And first as to freedom, Spinoza means by this not caprice, nor the monstrous miracle of causeless action, but independence of external force or of any disproportionate and illegitimate passion. The freedom to which he aspires is the freedom of God, who eternally acts in accordance with the mutual harmony of the whole attributes of His nature, not one of which clashes with another. So Spinoza’s free man is one in whom all aspirations and energies, converging in one resultant, the expression of the divine idea, move him in harmony with the Universe. From such a point of view the quibbles about “free will,” in the sense of causeless action, cease to have any meaning. For if the good man says “I could have done otherwise if I had liked,” the obvious reply is, “Yes, but you would not have liked.” Because the will is not a separate faculty, but the expression of the whole nature, as that exists at the moment of “willing.” And the only real freedom is the unimpeded conglomerate impulse to do right. But should it be asked what if the resultant impulse of the whole nature is toward wrong? the answer is, in that case there is no freedom, but a slavery to some external influence or to a disturbed balance of the passions. Or if it be asked what is right? that is a far reaching question to the solution of which Spinoza bends all his splendid powers. But limits of space preclude me from saying more than, that his ideal of right will be found conformable to the highest standards of the most spiritual religions.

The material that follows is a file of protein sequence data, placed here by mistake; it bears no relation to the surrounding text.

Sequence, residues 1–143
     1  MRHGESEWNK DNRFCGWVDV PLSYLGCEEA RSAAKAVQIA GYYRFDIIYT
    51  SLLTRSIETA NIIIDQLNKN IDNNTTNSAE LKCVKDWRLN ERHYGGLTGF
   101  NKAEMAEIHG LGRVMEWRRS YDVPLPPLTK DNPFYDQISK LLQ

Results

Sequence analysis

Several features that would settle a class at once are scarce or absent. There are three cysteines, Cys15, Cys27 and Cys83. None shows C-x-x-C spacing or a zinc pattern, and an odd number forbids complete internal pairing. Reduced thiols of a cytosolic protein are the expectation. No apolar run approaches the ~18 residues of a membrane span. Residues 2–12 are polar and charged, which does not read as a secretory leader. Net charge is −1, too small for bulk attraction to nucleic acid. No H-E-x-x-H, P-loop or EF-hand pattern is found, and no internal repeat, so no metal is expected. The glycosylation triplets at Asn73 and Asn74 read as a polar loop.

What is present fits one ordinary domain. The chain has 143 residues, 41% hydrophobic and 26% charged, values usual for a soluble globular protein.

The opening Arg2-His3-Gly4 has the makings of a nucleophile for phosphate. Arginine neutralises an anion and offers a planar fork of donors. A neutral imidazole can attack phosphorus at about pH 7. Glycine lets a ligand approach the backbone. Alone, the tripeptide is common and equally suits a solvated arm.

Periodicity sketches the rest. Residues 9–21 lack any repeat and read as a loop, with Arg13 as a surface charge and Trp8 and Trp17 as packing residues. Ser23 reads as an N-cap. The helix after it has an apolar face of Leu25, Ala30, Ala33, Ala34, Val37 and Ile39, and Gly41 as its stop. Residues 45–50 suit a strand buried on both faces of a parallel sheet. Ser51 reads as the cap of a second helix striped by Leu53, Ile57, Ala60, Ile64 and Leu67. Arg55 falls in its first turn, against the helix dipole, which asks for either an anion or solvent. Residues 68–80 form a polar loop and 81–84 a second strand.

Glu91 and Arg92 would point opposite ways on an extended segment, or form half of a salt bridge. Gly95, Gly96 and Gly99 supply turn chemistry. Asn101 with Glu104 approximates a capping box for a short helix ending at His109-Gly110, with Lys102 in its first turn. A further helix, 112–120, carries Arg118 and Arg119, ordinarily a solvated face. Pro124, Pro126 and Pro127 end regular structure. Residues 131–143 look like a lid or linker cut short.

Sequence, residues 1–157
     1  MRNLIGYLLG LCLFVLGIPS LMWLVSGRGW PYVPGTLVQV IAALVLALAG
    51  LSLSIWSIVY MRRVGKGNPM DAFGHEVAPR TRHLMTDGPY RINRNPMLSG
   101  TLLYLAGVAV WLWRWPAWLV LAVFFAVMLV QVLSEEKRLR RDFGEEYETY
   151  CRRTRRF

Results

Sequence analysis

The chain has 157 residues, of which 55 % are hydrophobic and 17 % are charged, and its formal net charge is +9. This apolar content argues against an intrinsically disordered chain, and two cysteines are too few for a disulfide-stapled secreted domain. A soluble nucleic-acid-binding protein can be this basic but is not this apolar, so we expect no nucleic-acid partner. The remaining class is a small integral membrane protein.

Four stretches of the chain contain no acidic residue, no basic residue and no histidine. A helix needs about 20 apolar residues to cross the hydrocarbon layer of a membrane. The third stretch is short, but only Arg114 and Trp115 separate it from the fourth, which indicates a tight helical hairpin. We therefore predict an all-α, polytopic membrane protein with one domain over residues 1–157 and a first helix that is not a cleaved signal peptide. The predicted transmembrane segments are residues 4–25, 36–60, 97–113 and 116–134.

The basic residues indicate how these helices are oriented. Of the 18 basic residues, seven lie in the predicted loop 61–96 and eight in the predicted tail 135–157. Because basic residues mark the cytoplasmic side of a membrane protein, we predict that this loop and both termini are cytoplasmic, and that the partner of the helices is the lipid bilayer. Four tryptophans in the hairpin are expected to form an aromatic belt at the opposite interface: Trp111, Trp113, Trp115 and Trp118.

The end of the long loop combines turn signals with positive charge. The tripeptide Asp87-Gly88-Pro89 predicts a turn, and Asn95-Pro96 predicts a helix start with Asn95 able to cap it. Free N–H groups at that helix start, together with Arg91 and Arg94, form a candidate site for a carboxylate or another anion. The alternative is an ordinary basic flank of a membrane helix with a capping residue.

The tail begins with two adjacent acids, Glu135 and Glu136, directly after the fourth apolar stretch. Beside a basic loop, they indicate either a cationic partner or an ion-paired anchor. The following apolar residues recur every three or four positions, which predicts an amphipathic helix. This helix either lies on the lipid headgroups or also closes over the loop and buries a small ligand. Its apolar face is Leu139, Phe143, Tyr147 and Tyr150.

This ideal I ventured to symbolize rather than define as “purity.” For after all the philosophic reasoning with which it is no less lucidly than laboriously worked out in the final book of his Ethica, “Concerning Human. Freedom”—the moral result of all this intellectual effort is that same cleansing of the soul from vain desire and that subordination of the earthly self to its divine idea which we are taught in the Sermon on the Mount. And while surely every one but a fanatical anti-Christian must allow the greater prophetic worth of the Galilean, who could teach these sublime lessons so that “the common people heard him gladly,” it seems difficult to deny to the heretic Jew of the Hague the second rank among the teachers given to the world by that strangely gifted race. For though he could not speak to “the common people,” he left as his legacy to mankind, not so much a system of philosophy, as an impregnable foundation for morals and religion, available for the time now coming upon us—such a time as that suggested by the writer of the Epistle to the Hebrews, when he spoke of “the removing of those things that are shaken, as of things that are made, that those things which cannot be shaken may remain.” No doubt Sir Frederic Pollock is quite right in declaring that Spinoza would have been the very last man to desire any one to become a Spinozist. But that is quite consistent with the inspired Pantheist’s infinite longing to